A: As you sell some stocks, maybe you start taking a bit of profit, you pull back a little bit, you stay diversified, you stay invested, but the question becomes, where do you put the money? And this relates to the 60/40 question. About 12% of our core bonds exposure has been transferred in our flagship global allocation strategy to liquid alternatives. Those are strategies that are active-management focused. So you need skilled active management to succeed here. And they allow for short positions — they’re not linked to the big market trends in either equity returns or interest rates. So that’s how we add some diversification into the portfolio. We’ve also added, on the margin, to loans as an asset class — bank loans tend to do OK when rates rise relative to long Treasuries, for example. And we’ve also added, on the margin, to credit more broadly, high yield in particular. So that’s how we’re positioned from a tactical perspective at the moment.
Q: How do you think about crypto as an asset class?
A: First of all, just look at the size of crypto and it’s hard to disagree with the idea that it is an asset class. Overall, it’s bigger than, say, the high-yield bond market in the U.S. So it is a force to be reckoned with. In most of our portfolios in our business, our clients aren’t giving us the mandates to invest in crypto, but we do research in that space because it’s going to influence how a lot of companies do business in multiple sectors. We have an army of stock analysts at T. Rowe Price and some of them are following the space. We’re looking at it at this point, personally I can say, not from an inflation-hedge perspective simply because it’s just still such a speculative asset class…
Sometimes crypto moves and it’s just hard to actually explain, right? Oh, it’s down 10%, maybe it’s this Tweet, it’s a little bit mysterious, nebulous. This is a sign that it’s still an asset class that moves on sentiment and speculation. Let’s suppose 80% of the volatility of crypto really is speculation, trend-chasing, sentiment. Well, that doesn’t make for a really good inflation hedge, unless maybe you think about it from a very, very long-term perspective. It’s an evolving space, it’s an important space for asset allocators to think about. The fact that it’s highly volatile is not necessarily an issue — it means that it’s more capital efficient, all else being equal. But it’s still, for us, not an inflation hedge.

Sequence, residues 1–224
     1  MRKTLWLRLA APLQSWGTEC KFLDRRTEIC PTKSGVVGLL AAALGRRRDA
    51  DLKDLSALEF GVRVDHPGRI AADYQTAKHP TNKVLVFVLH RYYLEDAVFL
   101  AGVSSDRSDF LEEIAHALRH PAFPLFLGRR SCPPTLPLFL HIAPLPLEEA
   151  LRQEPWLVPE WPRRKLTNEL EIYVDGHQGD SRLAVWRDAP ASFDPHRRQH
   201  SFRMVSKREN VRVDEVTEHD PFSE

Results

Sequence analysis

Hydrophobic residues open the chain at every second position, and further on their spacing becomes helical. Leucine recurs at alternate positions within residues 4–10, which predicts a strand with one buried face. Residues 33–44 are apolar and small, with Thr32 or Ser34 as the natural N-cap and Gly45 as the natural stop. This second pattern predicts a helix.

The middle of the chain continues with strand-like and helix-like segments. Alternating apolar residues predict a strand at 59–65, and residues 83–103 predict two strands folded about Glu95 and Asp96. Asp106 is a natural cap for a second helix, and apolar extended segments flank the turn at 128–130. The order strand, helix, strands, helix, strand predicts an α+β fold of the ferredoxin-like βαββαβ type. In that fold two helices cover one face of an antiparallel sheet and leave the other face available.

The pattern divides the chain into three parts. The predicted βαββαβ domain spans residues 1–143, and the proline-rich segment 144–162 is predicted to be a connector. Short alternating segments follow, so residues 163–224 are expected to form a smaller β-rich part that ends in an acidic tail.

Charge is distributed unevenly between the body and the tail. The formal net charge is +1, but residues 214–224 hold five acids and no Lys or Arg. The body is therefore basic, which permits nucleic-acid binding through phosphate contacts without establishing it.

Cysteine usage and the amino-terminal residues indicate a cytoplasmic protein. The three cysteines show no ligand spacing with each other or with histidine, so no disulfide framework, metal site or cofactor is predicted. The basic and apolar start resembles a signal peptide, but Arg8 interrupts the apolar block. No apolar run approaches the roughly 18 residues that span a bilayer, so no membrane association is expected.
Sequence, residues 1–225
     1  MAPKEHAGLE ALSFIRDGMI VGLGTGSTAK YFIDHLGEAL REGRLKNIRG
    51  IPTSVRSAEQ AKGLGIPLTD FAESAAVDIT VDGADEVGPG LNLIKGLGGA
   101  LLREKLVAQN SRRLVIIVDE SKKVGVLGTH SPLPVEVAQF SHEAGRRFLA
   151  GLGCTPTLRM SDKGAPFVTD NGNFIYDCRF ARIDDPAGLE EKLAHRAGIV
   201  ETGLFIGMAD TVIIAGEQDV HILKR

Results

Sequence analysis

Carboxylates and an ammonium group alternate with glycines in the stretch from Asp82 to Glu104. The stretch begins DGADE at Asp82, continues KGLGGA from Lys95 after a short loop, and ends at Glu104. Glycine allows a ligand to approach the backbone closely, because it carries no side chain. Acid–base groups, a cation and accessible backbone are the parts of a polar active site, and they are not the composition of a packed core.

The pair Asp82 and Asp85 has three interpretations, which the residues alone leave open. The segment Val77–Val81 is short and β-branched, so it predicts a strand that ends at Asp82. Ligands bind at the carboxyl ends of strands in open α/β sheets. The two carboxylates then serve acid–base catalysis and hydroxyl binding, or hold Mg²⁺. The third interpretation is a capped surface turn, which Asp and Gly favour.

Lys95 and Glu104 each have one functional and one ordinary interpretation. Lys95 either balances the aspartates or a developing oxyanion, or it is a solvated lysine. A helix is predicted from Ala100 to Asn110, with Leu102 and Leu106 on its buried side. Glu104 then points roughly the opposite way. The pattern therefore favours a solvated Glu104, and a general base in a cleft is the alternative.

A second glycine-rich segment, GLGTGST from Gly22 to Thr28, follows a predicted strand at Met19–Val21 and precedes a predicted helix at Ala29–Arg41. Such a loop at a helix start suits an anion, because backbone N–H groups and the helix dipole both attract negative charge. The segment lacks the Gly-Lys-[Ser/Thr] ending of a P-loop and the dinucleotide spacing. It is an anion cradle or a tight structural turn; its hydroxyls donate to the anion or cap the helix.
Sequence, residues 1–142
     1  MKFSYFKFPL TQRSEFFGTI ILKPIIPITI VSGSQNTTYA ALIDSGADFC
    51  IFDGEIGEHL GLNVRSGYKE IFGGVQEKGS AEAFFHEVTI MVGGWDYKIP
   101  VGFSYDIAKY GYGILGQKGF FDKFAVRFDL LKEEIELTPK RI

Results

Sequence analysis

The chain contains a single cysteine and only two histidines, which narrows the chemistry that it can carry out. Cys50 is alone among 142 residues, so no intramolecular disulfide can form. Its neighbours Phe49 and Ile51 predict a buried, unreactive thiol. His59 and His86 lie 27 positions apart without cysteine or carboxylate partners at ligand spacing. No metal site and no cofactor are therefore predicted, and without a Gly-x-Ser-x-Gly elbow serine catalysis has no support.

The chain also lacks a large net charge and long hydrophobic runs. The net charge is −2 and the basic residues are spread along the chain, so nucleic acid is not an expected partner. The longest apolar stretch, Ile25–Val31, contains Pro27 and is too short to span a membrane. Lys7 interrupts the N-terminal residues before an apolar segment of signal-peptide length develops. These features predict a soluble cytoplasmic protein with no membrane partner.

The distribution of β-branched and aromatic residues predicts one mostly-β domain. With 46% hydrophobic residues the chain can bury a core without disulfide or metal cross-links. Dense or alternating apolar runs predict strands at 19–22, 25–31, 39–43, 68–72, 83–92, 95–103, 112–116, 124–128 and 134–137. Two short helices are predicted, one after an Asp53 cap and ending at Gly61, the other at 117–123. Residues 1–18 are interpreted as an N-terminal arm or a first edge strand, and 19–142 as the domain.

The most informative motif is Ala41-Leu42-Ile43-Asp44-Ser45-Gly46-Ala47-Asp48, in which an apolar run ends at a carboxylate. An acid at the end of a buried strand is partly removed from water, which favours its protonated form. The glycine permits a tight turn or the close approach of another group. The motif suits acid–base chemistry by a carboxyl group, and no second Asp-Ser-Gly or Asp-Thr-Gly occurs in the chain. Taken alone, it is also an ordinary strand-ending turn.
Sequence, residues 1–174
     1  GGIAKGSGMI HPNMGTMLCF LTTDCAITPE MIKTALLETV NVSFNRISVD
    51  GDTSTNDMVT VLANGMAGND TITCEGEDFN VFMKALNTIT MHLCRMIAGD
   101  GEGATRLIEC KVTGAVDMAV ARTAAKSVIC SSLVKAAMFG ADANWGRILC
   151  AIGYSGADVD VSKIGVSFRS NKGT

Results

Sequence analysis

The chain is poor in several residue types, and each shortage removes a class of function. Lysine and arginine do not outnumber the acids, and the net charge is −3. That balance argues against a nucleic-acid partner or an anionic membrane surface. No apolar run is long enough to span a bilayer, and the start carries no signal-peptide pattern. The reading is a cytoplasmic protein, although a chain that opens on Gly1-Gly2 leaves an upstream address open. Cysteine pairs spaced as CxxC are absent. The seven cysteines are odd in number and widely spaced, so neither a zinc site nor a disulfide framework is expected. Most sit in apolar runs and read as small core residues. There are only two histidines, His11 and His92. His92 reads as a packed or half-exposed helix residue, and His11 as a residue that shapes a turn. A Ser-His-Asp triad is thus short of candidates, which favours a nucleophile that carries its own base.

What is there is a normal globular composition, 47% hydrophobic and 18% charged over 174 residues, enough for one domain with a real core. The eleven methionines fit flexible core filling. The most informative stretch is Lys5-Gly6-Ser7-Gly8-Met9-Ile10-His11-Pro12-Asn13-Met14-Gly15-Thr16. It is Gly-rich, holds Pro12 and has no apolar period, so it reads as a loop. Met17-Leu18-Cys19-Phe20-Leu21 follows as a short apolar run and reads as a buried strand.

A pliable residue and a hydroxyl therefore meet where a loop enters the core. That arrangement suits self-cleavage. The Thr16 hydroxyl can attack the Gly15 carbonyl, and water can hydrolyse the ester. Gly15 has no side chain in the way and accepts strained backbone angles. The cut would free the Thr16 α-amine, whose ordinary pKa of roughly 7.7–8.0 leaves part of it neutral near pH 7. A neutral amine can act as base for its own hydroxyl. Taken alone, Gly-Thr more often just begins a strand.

Q: What might you recommend as an inflation hedge?
A: There’s too much money — demand — chasing too little stuff to buy, especially goods, which creates supply issues. This is not new — everybody’s talking about the mother of all traffic jams. At this point at T. Rowe, we don’t have a house view. So portfolio managers across our investment platform are actually divided on the question as to whether we’ll face runaway inflation. The trick with the transitory question is that everyone has a different definition of transitory. You need to define transitory first and then express your view. So here, I’m going to say, maybe rephrase the question: Are we going to face runaway, out-of-control inflation that will force the Fed’s hand?
I think overall, we’re close to peak inflation, but we won’t settle back down to pre-Covid sub-2% numbers in the foreseeable future. Right now, as we speak, five-year breakeven inflation is trending up. The Fed can be flexible targeting 2% — but there’s flexible, and then there’s, as breakevens are implying, letting inflation average above 3% over the next five years. Something has to give.
How do you hedge those risks? We hold short-term TIPS in the portfolio. But overall expected returns on short-term TIPS are fairly low where we sit now. We also hold a fund of real-asset equities. So these are stocks that are inflation-sensitive — so think about real estate, REITs, metals and mining companies, precious metals, energy companies.